Clinical presentation

Fever, night sweats, weight loss, fatigue, and a productive cough are the classic symptoms of tb.1,2,6,19 Onset may be gradual, and the diagnosis is easily missed if the symptoms are muted, such as in the elderly.2,6,19 Progressive pulmonary disease leads to cavitation visible on x-ray. Physical examination is nonspecific but may be consistent with pneumonia. Dullness to chest percussion, rales, and increased vocal fremitus may be observed on examination. Laboratory data often are uninformative, but a modest increase in the white blood cell (WBC) count with a lymphocyte predominance can be seen.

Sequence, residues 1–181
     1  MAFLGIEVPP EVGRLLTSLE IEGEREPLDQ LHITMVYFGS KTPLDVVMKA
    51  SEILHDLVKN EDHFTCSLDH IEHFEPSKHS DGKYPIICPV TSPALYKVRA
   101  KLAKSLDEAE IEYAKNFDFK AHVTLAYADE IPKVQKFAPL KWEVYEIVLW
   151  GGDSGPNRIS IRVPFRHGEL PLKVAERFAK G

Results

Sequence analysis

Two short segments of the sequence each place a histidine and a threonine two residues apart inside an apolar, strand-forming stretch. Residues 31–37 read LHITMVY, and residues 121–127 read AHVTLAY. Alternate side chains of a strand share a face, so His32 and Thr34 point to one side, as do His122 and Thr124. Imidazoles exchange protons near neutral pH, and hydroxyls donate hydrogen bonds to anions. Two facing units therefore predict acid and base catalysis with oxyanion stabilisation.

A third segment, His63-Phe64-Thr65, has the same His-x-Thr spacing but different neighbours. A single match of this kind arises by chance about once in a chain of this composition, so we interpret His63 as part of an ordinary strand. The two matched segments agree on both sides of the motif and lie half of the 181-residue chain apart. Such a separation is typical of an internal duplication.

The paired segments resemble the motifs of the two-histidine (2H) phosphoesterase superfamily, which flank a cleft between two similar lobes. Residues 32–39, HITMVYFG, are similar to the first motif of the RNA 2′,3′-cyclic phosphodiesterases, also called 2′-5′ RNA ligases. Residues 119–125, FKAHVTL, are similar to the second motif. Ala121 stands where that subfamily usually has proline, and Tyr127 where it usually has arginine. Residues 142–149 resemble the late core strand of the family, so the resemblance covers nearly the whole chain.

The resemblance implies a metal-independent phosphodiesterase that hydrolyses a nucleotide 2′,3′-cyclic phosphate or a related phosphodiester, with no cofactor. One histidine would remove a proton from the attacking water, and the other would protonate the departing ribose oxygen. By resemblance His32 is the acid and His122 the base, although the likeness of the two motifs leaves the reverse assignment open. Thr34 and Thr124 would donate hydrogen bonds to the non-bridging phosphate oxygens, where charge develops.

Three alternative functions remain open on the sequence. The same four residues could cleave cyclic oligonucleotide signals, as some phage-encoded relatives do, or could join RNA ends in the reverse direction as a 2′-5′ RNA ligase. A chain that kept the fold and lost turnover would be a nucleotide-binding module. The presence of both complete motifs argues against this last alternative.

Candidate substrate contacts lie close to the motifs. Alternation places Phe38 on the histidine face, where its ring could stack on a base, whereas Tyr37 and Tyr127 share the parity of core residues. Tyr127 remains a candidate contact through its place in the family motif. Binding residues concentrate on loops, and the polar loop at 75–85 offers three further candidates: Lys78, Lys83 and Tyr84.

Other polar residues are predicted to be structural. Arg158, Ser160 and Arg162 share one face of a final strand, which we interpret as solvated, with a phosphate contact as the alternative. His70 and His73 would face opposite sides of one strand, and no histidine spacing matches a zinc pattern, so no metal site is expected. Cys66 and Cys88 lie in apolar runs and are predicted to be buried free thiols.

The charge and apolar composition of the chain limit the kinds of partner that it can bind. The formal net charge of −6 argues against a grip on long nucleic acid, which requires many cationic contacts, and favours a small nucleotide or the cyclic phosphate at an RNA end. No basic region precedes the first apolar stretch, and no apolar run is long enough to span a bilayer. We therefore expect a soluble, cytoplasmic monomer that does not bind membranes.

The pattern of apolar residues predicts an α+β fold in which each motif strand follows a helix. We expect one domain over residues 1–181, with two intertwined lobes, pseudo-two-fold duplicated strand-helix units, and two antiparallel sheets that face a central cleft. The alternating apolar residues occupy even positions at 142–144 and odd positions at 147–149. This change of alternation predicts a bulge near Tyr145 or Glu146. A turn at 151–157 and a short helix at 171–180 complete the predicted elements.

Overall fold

Atypical presentations are common in patients coinfected with HIV. , HIVpositive patients often have negative skin tests and fail to produce cavitary lesions, and fever may be absent. Symptoms for these patients range from classic pulmonary to muted and nonspecific. Extrapulmonary TB typically presents as a slowly progressive decline in organ function, and lymphadenopathy is relatively common. 6 8,19 Abnormal behavior, headaches, or convulsions suggest tuberculous meningitis, although other acute CNS infections must be exlcuded.6,19

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